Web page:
If you've ever dreamed about melt-in-your-mouth, out-of-this-world sushi, then you might have heard of Tsukiji, one of the largest fish markets in the world. Most of Tokyo, and even high-end sushi joints in Hong Kong and San Francisco, gets its fish at this cultural landmark near the center of Japan's capital city.
Tsukiji sits on some of the most valuable real estate in Tokyo. But this year, the market will be moved permanently to reclaimed land on Tokyo Bay. The 2020 Olympics are coming, and the city is preparing. Part of Tsujiki is slated to become a road for the games. The rest is undecided.
Tokyo officials direct people to the city's website for explanations: Tsukiji is showing its age; the market wasn't built for trucks; temperatures can't be controlled; there are sanitation issues.
"From the perspective of tourism, Tsukiji's great. You don't find places as amazing as this. But as a market facility, we've completely reached our limits," says Osamu Shimazu, spokesman for the Tokyo Fish Market Wholesale Cooperative Association, which is not a city agency.
Tsukiji Market, which opened in 1935, sprang to life after the Great Kanto Earthquake destroyed most of Tokyo in 1923, and has since become one of the most popular tourist destinations in the city. Every morning sightseers start lining up at 3 am to watch the frozen tuna auction. The more expensive fresh tuna auctions – where a single Bluefin once sold for nearly $1.8 million – are conducted privately.
There are problems with the new site in Toyusu, which is across Tokyo Bay, out of central Tokyo. It is not near any train or subway lines. The area once contained a gas plant. The city has already spent nearly a million dollars cleaning up chemical contamination, but there are lingering concerns. City officials say the site is clean, but haven't released official data. The new location is also more vulnerable to earthquakes and tsunamis.
Fish sellers also face a financial challenge: They have to cover the costs of constructing new stores. The new market in Toyosu may be bigger, brighter and temperature controlled, but rent is more expensive. And the city is not offering much assistance. About 100 of the current 600 or so fish sellers have decided to shut shop rather than move.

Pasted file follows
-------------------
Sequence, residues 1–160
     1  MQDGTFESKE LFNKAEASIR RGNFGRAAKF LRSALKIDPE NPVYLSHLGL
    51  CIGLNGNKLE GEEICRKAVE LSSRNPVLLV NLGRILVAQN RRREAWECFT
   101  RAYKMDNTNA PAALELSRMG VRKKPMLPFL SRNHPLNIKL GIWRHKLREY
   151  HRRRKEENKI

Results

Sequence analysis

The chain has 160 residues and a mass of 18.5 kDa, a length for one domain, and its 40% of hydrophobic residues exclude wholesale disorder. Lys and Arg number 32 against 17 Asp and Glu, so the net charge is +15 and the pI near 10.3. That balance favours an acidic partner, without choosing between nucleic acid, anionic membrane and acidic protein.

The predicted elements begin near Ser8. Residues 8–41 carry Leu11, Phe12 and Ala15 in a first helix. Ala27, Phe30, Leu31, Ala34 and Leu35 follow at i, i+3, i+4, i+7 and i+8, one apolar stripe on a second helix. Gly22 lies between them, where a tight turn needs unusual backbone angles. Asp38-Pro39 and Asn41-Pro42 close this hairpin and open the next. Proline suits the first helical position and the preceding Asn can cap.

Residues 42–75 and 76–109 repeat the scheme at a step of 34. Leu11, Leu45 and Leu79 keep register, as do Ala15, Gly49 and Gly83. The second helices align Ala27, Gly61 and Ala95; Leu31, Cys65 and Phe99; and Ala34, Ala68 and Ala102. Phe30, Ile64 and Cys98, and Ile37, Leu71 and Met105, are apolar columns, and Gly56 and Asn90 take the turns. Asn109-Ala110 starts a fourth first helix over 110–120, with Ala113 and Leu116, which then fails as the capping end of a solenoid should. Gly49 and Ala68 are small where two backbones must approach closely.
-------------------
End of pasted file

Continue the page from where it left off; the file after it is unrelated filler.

Tsukiji fish sellers speak with an overwhelming sense of resignation.
Takashi Shibayama, 62, has been hawking fish at Tsujiki for 40 years. His grandfather opened their family seafood store, Shibasen, 94 years ago, and moved it to Tsukiji in 1935. During his senior year of college, Shibayama went to work there.
"If I hadn't, I'd have been kicked out of the house," Shibayama says.
However, his grandfather fired him early on, and Shibayama went to work for another fish seller before coming back to the family store about 10 years ago. Recently his nephew started working at the store — the fourth generation to do so.
Shibayama says he now loves his job, and because "Tsujiki's countdown has finally started," he wrote about his life experiences in a book called Arigato Tsukiji, or "Thank you, Tsukiji."
One of the few women gutting fish at the market, who only agreed to speak anonymously for fear of retribution (along with many other market workers), says, "I've been here a long time. This is where I want to be. If we go there, we don't know if our fish will sell at all, if customers will come. Transportation isn't convenient."
Harvard professor Theodore Bestor has studied and written extensively about Tsukiji. He says, "I don't know anybody that thinks this is the best thing to come to the market."
Bestor says the question now for the traders is how to adapt to the upcoming changes, even though no one really knows what those changes might be.
"For everybody involved, this is an existential crap shoot," he says.
Shibayama, the longtime fish seller, was originally opposed to the move but admits that Tsukiji has aged, and workers just have to get used to the idea.
Copyright 2016 NPR. To see more, visit http://www.npr.org/.